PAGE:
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20.01.2020
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Indian elections have long been celebrated as a festival of democracy—in part for their sheer and increasing scale, with over 900 million voters and thousands of political parties registered. Election expenditures have also been on the rise. India’s last national elections were the most expensive elections ever held anywhere in the world, with an estimated expenditure of Rs. 55,000 crores ($7.74 billion)—much of which was financed through private donations. In India as elsewhere, all this private money in politics raises concerns about corruption, both legal and illegal. This problem is exacerbated by a lack of transparency.

Under the rules as they existed until two years ago, individuals and domestic for-profit companies could contribute to political parties via cash, check, or demand drafts. Political parties are required to file an annual income statement, listing both sources of income and expenditures, with the Election Commission, a constitutional oversight body. These statements are publicly accessible under India’s Right to Information law. However, contributions below Rs. 20,000 ($280) could be anonymous, and political parties traditionally exploited this loophole to avoid disclosure of donors. The total share of income from unknown sources has been steadily increasing for all six major political parties, and in the last returns filed for 2017-18, income from unknown sources was over half (51.38%) of these parties’ collective income.

Over the past two years, there have been several reforms to campaign finance. The most significant reform has been the replacement of cash donations with a new mechanism for political donations, so-called “electoral bonds.” Under this system, the threshold for anonymous cash donations was reduced by a factor of ten, but private parties can now make anonymous donations via a bond with the State Bank of India (a public sector bank) in fixed denominations ranging from Rs. 1,000 ($15) to Rs. 1 crore ($1.5 million), during allotted windows. These donations remain anonymous not only to the general public, but also to the recipient political party.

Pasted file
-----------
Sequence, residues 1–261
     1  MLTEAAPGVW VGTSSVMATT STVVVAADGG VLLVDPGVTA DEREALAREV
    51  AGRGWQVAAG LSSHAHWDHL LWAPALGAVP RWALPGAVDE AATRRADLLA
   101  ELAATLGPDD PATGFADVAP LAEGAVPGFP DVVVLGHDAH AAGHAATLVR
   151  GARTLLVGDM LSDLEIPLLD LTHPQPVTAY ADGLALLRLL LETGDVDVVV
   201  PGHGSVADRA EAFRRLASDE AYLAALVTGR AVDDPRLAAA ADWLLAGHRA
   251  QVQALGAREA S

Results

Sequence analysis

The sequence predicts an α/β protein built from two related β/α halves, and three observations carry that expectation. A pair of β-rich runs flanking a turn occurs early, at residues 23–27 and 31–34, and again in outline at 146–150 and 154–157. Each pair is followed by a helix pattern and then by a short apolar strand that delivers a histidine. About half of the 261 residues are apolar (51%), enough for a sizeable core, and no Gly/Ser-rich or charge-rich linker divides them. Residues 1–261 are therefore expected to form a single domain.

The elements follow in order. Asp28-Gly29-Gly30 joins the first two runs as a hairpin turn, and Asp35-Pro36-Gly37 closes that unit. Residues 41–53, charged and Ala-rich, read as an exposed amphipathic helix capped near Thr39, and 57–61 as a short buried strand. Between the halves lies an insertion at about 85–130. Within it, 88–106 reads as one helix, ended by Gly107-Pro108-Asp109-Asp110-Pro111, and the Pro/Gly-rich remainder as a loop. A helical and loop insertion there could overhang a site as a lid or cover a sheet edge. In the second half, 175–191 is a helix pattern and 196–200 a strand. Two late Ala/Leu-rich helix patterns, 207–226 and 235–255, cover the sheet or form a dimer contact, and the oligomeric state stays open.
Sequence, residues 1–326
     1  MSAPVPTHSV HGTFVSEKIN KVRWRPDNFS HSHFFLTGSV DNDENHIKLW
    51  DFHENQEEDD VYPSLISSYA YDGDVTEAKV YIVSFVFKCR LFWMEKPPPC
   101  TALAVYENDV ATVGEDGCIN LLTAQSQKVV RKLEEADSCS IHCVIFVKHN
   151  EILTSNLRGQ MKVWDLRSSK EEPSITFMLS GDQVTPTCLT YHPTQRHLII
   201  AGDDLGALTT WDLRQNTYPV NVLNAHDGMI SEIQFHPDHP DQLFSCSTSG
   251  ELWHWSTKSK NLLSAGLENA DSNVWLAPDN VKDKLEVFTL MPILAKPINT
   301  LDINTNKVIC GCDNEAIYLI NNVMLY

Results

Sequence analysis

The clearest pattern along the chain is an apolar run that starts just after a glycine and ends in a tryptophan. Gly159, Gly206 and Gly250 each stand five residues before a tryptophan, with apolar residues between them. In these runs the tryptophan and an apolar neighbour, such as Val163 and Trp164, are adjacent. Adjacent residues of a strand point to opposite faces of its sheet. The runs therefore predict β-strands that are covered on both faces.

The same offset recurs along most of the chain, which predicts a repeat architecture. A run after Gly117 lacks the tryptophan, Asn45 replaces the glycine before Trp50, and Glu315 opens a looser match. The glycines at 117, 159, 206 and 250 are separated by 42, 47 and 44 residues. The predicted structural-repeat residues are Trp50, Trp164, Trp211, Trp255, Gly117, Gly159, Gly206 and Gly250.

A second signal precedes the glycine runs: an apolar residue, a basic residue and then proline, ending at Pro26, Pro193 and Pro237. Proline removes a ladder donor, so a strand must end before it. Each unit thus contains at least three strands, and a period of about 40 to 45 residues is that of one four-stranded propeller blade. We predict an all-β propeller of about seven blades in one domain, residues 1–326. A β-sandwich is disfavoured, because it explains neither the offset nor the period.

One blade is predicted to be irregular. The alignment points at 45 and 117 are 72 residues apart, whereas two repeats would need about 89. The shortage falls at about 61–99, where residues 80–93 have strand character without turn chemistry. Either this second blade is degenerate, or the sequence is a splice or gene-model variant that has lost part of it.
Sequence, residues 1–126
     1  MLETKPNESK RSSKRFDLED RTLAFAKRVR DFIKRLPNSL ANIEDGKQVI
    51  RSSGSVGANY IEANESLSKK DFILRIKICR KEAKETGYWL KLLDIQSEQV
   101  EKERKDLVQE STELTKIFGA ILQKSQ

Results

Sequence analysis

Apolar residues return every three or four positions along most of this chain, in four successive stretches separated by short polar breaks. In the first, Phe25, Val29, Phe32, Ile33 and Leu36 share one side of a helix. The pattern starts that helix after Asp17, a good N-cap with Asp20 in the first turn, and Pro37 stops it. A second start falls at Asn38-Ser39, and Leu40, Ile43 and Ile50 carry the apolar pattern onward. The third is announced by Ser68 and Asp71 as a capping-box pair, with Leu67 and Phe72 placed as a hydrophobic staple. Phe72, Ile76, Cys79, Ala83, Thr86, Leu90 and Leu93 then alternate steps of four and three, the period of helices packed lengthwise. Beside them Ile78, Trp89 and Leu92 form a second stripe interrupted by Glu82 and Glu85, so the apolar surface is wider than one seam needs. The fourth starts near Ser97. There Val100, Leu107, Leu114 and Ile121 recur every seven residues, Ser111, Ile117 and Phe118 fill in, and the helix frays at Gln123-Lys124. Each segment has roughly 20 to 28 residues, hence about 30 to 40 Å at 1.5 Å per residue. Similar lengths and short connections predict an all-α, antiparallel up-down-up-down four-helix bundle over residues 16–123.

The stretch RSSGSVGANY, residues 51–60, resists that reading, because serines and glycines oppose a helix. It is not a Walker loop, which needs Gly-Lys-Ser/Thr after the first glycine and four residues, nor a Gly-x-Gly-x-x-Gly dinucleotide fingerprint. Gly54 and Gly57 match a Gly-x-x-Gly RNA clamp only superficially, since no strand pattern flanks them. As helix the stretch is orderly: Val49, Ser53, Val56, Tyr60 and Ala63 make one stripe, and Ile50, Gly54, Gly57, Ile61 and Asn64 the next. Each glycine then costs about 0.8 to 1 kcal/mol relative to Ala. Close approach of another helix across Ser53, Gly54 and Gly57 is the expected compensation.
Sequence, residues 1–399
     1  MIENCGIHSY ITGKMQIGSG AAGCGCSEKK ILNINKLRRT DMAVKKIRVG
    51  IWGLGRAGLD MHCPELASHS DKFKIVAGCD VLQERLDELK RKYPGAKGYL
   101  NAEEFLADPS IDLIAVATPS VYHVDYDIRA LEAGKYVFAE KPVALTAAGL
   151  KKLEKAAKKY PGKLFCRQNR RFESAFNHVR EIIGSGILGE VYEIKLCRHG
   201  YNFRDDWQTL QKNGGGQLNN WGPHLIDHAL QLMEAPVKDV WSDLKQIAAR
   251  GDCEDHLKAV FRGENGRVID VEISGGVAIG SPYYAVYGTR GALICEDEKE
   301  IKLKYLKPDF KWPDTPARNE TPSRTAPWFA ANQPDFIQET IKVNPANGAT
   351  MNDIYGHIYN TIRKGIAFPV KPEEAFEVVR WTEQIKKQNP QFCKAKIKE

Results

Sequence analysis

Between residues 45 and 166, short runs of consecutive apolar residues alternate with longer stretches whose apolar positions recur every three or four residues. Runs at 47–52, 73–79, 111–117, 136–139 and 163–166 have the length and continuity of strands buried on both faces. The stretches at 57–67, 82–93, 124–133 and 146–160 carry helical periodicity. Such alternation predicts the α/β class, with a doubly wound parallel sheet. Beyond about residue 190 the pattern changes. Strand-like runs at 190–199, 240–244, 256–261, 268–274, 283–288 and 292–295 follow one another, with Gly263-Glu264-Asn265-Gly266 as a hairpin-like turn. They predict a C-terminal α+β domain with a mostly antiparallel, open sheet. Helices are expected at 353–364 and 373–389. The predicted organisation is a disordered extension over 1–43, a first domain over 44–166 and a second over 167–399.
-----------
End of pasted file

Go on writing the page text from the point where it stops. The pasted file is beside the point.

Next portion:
The stated objective of these reforms is to target the practice of money laundering in campaign finance and increase transparency. In a previous post on this blog, written shortly after the new scheme was introduced, Abhinav Sekhri argued with cautious optimism that this tool, though imperfect, was indeed a step in the right direction. I disagree. In fact, the electoral bond system has decreased transparency and increased the potential for corruption, for several reasons:

First of all, the overall package of campaign finance reforms has decreased rather than increased overall transparency. Under the electoral bond scheme, it’s possible, and least in theory, for parties to keep all of their donors anonymous by receiving 100% of their income from unknown sources via electoral bonds. This was not the case earlier, where only donations below $280 could be anonymous. But the problem is much worse when one considers the other “reforms” that accompanied the introduction of the electoral bond scheme. Recent amendments to the Foreign Contribution Regulation Act now allow foreign-owned companies to contribute to political parties, and an earlier cap on contributions from domestic companies has also been removed. Further, the requirement that corporations reveal political donations in their annual profit and loss statements has also been relaxed.

Perhaps even more importantly, the electoral bond scheme creates not full transparency, but rather asymmetric transparency, for two reasons:

  • First, these bonds are not, in fact, fully anonymous. The State Bank of India, which is the sole processor of these bonds, has a record of both the donor and the final recipient. This was not emphasized by the government and has only come to light recently through information sought under the Right to Information Act.
  • Second, the confidentiality of the donor information is subject to an important exception for when the information is “demanded by a competent court or upon registration of criminal case by any law enforcement agency.” This ambiguous framing grants sweeping powers and discretion to law enforcement agencies, which have a troubling history of being politicized by the ruling party.

So, law enforcement and government agencies will have access to the paper trail, but it will be hidden from the public, opposition parties, tax department, and even the Election Commission of India.

Taking all this together, the reality is that India has enabled large-scale anonymous donations via shell companies in tax havens explicitly set up for this purpose. At a time when Western liberal democracies are grappling with the corrupting influence of big money in politics, India has just opened the floodgates, and done it in a way that shuts out any kind of oversight. It’s a great deal for a billionaire who wants to convert her black money into white money and reap political favours without any scrutiny while doing so. It is terrible news for democracy and voters.

The emerging data on the use of electoral bonds in recent elections confirms these fears. Nearly all total donations, and 93% of the electoral bonds purchased, were in the highest two denominations. Additionally, the ruling party (the Bhartiya Janta Party, or BJP) has been by far the biggest beneficiary of donations via electoral bonds, with a whopping 94.5% of the share of total donations by electoral bonds. This evidence indicates increases in large-scale anonymous donations in favor of the ruling party. This so-called “reform” poses huge challenges to the integrity of Indian elections, and if not rescinded, threaten to corrupt the world’s largest democracy.

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